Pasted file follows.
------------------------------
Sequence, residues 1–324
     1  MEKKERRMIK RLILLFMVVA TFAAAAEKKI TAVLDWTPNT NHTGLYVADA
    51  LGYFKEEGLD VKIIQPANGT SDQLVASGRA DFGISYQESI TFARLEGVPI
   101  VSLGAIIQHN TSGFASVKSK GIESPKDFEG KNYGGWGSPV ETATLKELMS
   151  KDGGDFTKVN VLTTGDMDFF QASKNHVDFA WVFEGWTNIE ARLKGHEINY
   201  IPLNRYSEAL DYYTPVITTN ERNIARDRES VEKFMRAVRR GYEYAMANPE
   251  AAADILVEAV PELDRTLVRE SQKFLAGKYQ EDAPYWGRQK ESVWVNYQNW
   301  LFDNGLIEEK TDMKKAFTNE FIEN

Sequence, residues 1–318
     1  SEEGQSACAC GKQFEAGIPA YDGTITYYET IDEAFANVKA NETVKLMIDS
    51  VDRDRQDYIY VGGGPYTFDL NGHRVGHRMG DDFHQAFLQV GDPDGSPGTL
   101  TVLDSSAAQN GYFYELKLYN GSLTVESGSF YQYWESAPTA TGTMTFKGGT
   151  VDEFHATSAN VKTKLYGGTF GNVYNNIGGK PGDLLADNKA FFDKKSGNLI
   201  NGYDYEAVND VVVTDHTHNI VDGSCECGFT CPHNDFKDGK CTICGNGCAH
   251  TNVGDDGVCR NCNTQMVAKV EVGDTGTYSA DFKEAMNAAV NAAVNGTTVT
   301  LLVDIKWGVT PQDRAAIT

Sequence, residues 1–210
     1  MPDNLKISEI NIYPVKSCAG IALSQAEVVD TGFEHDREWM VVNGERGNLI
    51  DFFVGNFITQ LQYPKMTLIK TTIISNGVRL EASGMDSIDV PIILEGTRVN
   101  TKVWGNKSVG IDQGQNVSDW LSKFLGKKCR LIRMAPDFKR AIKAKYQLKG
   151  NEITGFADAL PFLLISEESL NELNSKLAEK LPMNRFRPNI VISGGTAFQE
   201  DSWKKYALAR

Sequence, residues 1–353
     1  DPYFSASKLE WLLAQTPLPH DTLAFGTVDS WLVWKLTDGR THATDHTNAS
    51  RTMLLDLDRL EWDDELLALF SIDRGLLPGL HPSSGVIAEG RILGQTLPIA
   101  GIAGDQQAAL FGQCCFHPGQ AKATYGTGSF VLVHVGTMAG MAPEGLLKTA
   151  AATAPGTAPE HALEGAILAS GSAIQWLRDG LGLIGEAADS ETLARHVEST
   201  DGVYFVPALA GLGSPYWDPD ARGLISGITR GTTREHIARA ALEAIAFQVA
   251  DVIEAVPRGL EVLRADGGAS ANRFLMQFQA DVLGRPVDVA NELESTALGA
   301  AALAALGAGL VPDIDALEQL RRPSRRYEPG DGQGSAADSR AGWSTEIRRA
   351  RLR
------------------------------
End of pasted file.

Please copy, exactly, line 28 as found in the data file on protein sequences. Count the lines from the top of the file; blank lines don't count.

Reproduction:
   201  DGVYFVPALA GLGSPYWDPD ARGLISGITR GTTREHIARA ALEAIAFQVA